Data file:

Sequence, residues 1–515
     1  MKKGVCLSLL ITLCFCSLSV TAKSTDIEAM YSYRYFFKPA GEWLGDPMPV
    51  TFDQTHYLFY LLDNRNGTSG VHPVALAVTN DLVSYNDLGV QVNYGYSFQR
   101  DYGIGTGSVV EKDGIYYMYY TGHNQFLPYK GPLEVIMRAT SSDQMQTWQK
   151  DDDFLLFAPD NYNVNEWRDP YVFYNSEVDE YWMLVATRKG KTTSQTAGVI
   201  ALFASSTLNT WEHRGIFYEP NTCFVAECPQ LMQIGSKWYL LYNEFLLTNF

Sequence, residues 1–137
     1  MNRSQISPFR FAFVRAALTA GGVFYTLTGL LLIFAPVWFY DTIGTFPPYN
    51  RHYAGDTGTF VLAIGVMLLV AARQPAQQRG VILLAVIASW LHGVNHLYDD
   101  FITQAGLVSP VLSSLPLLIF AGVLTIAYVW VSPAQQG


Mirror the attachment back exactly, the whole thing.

Sequence, residues 1–515
     1  MKKGVCLSLL ITLCFCSLSV TAKSTDIEAM YSYRYFFKPA GEWLGDPMPV
    51  TFDQTHYLFY LLDNRNGTSG VHPVALAVTN DLVSYNDLGV QVNYGYSFQR
   101  DYGIGTGSVV EKDGIYYMYY TGHNQFLPYK GPLEVIMRAT SSDQMQTWQK
   151  DDDFLLFAPD NYNVNEWRDP YVFYNSEVDE YWMLVATRKG KTTSQTAGVI
   201  ALFASSTLNT WEHRGIFYEP NTCFVAECPQ LMQIGSKWYL LYNEFLLTNF

Sequence, residues 1–137
     1  MNRSQISPFR FAFVRAALTA GGVFYTLTGL LLIFAPVWFY DTIGTFPPYN
    51  RHYAGDTGTF VLAIGVMLLV AARQPAQQRG VILLAVIASW LHGVNHLYDD
   101  FITQAGLVSP VLSSLPLLIF AGVLTIAYVW VSPAQQG